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Five Thoughts on Attack on Titan’s “Sole Survivor”

By | September 7th, 2021
Posted in Television | % Comments

Welcome back to the titan war! The time has come to end things. We are finally watching the final season of Attack on Titan, and I got a feeling that not everyone is making it out of this one alive. If you are new to our coverage, this is the part where I explain to you that I’ve never been what you’d call a regular anime watcher, but something about this strange and at times horrifying has never failed to captivate me. There’s only one more after this, so get ready to charge into Attack on Titan season 4, episode 15, “Sole Survivor.”

1. Origin of a Monkey Man

A brief cold open shows us a young Zeke, experiencing some racism as a kid. I didn’t think much of this scene at first. It didn’t have anything larger to say about why people are racist, or what someone should do in a tough situation like that. By the end of the episode though, I was reminded that not every scene needs a neat little moral. That was a formative moment for Zeke, and the point of this episode was to sketch out the guy who has been our antagonist for most of the run of the show. We’ve seen him from lots of other perspectives, but this is the first time we see Zeke’s story as he sees it. That racist encounter was a small moment, but it sat with Zeke, much like his dad was consumed with the death of his sister.

So this is the whole Zeke Jaeger origin story, how he became a terrifying monkey man. Zeke’s story through is eyes.

2. Bad dad

Last time we saw these events, they were being told to us by Grisha. This time through the story, it’s clear that Grisha’s failures as a person are very responsible for… all the horror of the present day. Like his messaging. Early on, he seems to protect Zeke, insulating him from the family’s revolutionary cause. He lets Zeke consume Marley propaganda at a very young age, and I couldn’t shake the feeling that by the time they had started on the counter-programming, it was already too late. By the time they starting teaching him another perspective, Zeke had already grown to resent his absent parents. Their distance to him personally made it more difficult to accept their teachings.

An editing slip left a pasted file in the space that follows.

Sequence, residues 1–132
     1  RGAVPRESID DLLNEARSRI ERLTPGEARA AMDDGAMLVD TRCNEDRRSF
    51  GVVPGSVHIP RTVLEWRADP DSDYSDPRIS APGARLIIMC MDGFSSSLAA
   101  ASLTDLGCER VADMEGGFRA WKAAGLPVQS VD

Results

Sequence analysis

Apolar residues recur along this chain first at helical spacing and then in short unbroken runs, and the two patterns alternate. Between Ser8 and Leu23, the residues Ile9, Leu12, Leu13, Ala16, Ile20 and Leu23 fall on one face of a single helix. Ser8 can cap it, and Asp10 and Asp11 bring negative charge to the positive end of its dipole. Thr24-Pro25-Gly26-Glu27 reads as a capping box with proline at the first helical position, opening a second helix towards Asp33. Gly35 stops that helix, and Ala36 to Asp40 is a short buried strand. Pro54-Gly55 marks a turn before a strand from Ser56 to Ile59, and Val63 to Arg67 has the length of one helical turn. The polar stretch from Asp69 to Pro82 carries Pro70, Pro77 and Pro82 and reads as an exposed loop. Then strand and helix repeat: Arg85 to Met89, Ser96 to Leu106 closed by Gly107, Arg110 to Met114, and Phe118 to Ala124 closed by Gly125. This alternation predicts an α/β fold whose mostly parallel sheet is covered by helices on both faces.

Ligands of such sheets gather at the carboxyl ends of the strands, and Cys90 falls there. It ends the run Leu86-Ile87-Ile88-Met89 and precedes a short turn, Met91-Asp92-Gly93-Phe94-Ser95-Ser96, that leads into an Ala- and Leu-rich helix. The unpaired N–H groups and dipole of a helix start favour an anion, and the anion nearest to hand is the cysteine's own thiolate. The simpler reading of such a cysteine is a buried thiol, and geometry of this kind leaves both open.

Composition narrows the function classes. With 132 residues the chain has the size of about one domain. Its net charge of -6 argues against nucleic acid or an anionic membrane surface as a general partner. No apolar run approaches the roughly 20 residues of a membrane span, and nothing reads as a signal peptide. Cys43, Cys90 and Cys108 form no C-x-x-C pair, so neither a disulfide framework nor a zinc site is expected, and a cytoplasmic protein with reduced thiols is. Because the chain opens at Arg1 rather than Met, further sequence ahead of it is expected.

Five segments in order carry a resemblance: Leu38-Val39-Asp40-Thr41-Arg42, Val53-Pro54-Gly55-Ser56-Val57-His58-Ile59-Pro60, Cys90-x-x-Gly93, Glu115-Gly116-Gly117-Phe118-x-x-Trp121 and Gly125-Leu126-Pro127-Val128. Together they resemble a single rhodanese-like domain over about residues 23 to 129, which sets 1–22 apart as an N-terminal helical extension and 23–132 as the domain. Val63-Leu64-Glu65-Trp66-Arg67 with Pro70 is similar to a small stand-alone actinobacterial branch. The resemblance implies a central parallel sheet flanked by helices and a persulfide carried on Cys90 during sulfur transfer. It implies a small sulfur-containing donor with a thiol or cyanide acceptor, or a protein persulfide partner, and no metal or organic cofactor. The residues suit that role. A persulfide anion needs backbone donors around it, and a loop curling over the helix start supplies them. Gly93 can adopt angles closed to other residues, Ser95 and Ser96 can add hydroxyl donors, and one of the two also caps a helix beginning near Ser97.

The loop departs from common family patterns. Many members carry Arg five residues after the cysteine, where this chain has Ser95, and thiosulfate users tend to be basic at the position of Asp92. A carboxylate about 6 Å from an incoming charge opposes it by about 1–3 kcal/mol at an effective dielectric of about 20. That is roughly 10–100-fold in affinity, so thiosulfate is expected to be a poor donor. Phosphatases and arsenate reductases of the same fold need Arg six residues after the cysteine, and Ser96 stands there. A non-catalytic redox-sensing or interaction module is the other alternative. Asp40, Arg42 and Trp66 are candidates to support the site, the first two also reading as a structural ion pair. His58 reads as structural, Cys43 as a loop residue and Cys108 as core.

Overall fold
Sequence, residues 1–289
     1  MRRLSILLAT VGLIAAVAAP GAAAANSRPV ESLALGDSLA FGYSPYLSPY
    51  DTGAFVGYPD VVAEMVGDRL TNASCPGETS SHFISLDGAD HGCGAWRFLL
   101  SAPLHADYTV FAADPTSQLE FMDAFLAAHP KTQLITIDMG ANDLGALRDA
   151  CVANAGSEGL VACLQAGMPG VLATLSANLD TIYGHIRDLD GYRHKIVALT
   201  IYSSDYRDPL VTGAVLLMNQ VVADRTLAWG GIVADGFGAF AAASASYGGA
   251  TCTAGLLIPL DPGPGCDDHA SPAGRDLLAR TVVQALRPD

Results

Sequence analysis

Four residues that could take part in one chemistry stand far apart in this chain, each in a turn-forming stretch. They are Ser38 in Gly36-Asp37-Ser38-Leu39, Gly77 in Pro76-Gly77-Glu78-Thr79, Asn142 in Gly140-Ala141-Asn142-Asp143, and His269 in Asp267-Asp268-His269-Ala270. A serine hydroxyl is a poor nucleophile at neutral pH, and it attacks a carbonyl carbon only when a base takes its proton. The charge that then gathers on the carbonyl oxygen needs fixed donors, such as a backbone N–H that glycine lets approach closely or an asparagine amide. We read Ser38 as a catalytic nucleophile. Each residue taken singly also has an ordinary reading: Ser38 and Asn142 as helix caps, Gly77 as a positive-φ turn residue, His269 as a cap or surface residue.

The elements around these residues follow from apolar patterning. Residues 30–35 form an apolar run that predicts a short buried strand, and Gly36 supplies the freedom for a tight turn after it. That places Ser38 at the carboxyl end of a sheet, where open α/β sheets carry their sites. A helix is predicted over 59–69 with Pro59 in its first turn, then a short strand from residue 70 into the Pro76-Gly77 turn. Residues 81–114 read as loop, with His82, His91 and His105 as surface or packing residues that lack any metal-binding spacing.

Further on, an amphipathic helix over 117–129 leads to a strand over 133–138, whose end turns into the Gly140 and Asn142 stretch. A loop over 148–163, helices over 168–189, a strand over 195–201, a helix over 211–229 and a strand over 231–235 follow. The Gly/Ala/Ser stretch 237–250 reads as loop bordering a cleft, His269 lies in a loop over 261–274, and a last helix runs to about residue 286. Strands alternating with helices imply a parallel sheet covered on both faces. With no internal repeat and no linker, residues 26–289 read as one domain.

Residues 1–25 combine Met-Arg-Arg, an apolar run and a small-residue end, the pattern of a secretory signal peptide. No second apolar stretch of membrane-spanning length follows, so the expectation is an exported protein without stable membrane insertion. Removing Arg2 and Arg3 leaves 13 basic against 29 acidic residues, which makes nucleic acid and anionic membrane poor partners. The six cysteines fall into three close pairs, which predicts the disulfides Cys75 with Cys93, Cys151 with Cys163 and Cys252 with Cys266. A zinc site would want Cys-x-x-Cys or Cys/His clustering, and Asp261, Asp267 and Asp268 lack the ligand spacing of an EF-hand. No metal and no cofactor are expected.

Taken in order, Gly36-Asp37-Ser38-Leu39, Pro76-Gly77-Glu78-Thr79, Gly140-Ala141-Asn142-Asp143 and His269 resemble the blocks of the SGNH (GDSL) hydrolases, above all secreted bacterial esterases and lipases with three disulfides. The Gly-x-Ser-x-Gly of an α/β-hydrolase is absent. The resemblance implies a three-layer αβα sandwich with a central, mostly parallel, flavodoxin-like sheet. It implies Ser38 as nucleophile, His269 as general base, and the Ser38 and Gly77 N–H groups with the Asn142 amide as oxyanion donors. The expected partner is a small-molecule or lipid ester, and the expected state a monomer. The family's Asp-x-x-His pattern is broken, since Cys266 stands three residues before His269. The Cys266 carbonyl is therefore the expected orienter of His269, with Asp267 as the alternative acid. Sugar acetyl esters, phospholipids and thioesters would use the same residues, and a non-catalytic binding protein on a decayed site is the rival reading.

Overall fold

It is also strongly implied that Grisha was just straight up abusive. And yeah, that tracks, he always seemed like something of a creep. This is most horrifyingly heard through a closed door, as Zeke listens to his dad berate and possibly beat his mom, all for Zeke’s failures. It’s just like, no wonder this dude ended up as messed up as he did.

3. Trading in for an upgrade

All the while Zeke is failing at his Warrior training, and just generally not getting a lot of positive affirmation. He only has one positive male role model in his life, and that was his predecessor as Beast Titan, Tom Ksaver. He’s exactly what I’d picture if you told me there was one nice person in Zeke’s life, sort of a kind four-eyed nerd who liked tossing around a baseball. He’s less of a warrior and more of a student of titan lore. You can see where Zeke gets it from. Ksaver’s backstory is the same kind of horror most of these characters deal in. When his Marleyan wife found out that he hid his Eldian heritage from her, she slit her own throat and her son’s. Holy crap, this sort of thing seems to happen a lot.